WASHINGTON (AP) — The latest Democratic debate found Hillary Clinton in a defensive crouch about her Wall Street ties and making iffy claims about that longtime relationship. Rival Bernie Sanders offered a fumbling account of a campaign ad that boasted of endorsements that were bogus.
A look at some of their assertions, and how they compare with the facts:
CLINTON: "I went to Wall Street before the crash. I was the one saying you're going to wreck the economy because of these shenanigans with mortgages. I called to end the carried-interest loophole that hedge fund managers enjoy."
THE FACTS: Clinton was not nearly as tough-talking with Wall Street as she suggested in that remark and in her previous characterizations of her December 2007 speech. In a video of the speech obtained by ProPublica, she thanked her "wonderful donors" in the audience, said banks were not the actors primarily to blame for the emerging crisis, "not by a long shot," and praised Wall Street for its contribution to the economy.
At the same time, she said Wall Street had a hand in worsening the crisis and called for voluntary steps on foreclosures and subprime mortgages.
Altogether, she delivered a mixed message, not the unalloyed lecture that she portrayed Thursday night or in an earlier debate, when she claimed the speech's basic message to Wall Street was: "Cut it out."
SANDERS: Asked about his campaign ad that cites two New Hampshire newspapers among groups endorsing him, said "As I understand it, we did not suggest that we had the endorsement of a newspaper... We never said, never said that somebody, a newspaper endorsed us that did not. What we did say is blah, blah, blah, blah was said by the newspaper."
THE FACTS: Sanders' 30-second TV ad, titled, "Endorsed," lists a variety of groups that it says are backing his candidacy, including postal workers, nurses, an environmental group and The Nation magazine, repeatedly using the word "endorsed."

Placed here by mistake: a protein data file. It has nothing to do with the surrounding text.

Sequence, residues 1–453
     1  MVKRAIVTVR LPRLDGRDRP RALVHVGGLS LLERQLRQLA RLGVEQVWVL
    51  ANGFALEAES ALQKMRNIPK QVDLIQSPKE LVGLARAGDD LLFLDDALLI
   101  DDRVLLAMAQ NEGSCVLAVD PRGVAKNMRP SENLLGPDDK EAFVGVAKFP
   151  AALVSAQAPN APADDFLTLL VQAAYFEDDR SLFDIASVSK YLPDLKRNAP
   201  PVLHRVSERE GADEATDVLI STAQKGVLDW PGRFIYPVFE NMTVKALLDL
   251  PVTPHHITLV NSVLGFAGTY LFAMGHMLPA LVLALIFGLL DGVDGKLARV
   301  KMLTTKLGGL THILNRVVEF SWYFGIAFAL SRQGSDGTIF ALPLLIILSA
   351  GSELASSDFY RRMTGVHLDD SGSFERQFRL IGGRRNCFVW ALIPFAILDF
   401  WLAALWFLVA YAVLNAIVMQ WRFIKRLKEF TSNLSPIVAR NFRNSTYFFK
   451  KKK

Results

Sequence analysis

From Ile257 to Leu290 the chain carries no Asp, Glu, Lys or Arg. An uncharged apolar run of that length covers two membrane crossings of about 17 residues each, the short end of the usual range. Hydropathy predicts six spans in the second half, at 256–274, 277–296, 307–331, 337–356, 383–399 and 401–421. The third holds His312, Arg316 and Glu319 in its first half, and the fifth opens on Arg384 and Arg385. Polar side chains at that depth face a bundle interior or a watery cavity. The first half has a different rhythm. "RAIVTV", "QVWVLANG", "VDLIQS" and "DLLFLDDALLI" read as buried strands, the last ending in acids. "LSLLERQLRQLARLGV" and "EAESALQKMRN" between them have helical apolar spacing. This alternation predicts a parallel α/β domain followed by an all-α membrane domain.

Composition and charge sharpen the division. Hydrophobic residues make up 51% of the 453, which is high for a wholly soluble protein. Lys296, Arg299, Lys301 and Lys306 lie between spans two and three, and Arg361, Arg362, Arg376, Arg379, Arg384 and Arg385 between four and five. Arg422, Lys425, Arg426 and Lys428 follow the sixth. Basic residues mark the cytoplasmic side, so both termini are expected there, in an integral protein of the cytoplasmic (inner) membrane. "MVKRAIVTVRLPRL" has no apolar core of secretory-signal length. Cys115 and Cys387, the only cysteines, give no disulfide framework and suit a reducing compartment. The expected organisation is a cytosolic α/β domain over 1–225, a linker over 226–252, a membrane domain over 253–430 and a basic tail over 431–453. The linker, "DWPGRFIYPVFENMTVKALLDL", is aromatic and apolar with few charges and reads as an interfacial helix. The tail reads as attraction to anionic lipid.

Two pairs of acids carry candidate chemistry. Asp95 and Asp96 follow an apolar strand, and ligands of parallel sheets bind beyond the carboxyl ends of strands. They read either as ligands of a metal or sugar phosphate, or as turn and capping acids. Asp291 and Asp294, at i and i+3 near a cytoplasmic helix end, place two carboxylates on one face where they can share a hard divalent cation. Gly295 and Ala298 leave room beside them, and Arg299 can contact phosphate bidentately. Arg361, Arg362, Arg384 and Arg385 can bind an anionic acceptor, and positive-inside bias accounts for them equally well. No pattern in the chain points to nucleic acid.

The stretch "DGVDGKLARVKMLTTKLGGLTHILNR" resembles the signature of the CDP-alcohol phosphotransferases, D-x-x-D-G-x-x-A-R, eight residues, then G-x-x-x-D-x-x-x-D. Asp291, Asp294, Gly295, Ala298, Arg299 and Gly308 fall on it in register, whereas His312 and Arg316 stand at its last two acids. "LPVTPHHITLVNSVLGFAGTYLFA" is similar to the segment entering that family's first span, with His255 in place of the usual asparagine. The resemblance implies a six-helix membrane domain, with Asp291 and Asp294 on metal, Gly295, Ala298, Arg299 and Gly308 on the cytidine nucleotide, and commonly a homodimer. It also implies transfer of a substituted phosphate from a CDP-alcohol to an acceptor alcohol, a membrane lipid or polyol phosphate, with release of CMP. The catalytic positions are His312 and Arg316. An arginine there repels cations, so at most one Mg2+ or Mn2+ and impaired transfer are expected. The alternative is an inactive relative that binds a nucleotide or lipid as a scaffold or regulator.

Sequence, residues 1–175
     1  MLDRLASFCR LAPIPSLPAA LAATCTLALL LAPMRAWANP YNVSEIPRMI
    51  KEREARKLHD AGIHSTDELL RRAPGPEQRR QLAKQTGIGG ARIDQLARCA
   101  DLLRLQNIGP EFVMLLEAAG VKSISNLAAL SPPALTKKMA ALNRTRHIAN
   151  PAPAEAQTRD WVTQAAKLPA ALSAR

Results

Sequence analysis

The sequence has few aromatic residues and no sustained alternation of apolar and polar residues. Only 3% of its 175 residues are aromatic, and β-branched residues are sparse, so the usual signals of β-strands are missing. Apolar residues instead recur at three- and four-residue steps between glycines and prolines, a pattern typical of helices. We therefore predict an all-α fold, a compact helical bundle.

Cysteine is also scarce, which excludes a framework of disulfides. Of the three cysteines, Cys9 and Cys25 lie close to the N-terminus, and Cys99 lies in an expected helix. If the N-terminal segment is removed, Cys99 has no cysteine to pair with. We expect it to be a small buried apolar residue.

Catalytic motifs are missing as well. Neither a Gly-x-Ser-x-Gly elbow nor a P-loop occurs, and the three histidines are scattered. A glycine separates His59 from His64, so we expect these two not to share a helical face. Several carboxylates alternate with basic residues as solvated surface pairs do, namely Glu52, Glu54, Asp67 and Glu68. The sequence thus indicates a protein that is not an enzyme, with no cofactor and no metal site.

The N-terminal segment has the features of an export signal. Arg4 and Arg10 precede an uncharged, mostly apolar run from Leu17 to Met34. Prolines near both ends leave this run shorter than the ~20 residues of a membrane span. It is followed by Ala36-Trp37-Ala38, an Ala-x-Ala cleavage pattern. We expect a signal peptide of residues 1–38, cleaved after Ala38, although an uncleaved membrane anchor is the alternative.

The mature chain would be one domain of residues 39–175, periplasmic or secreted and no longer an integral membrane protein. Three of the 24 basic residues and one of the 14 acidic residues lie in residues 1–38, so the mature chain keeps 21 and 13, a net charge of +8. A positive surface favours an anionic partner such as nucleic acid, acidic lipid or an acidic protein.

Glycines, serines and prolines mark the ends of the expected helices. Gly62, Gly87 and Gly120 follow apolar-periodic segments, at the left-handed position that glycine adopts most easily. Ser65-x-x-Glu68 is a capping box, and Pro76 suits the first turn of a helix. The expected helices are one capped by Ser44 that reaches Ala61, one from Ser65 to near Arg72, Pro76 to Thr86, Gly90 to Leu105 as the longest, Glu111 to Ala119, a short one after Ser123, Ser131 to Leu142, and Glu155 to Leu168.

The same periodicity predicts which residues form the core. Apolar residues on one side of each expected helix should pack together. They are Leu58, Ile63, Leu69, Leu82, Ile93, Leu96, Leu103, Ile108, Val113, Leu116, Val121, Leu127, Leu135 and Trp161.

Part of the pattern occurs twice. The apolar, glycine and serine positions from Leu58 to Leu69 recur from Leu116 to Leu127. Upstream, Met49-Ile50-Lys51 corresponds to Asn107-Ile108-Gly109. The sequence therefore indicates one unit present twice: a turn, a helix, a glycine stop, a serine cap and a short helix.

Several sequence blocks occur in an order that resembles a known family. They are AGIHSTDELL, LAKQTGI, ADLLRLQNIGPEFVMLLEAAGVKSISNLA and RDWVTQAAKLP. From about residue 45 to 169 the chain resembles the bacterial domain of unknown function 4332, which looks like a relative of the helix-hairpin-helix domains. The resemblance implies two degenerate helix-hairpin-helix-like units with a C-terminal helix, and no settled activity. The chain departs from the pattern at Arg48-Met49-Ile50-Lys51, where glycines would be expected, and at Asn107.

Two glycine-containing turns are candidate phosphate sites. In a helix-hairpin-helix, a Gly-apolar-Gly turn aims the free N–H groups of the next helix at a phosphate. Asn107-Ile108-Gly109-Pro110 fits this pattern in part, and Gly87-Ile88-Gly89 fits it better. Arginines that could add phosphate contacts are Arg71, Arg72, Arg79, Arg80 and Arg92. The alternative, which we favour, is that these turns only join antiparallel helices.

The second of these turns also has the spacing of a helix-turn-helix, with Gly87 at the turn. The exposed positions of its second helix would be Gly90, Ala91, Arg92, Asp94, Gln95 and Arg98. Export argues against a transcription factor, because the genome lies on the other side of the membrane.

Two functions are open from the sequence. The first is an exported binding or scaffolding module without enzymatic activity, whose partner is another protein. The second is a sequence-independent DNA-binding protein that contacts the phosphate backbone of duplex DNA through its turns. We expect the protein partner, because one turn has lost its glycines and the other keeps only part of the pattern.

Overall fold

Onto that list it seamlessly adds The Telegraph in Nashua and the Valley News, quoting favorable comments printed by both newspapers. Neither newspaper citation includes the word "endorsed," but that nuance is unlikely to be noticed by viewers. Both newspapers have said they haven't made any editorial endorsement in the Democratic race.
CLINTON on Wall Street: "They are trying to beat me in this primary."
THE FACTS: Wall Street is not the anti-Clinton monolith she implied. People in the securities and investment industry gave more than $17 million last year to super political action committees supporting her presidential run and nearly $3 million directly to her campaign, according to OpenSecrets.org, a campaign-finance watchdog. Wall Street is the top industry donating to her effort, ahead of the legal profession, nonprofit institutions and others.
Clinton is taking heat from Sanders over her Wall Street ties, which go back decades.
The Washington Post reported Thursday that Clinton has brought in more money from the financial sector during her four federal campaigns — for Senate and president — than her husband, Bill Clinton, did in his quarter-century political career. In all, more than $44 million was raised for her campaigns. This includes more than $1 out of every $10 of the money contributed for her 2016 campaign.
Clinton has often talked about how much she has raised from teachers, as opposed to big corporate interests. But the $2.93 million given directly to her campaign last year by people in the securities and investment industry surpassed the $2.88 million given by people in education, OpenSecrets found.
SANDERS: "Almost all new income and wealth is going to the top 1 percent."
THE FACTS: This has been a mantra by Sanders, but it relies on outdated numbers. In the first five years of the economic recovery, 2009-2014, the richest 1 percent captured 58 percent of income growth, according to Emmanuel Saez, a University of California economist whose research Sanders uses.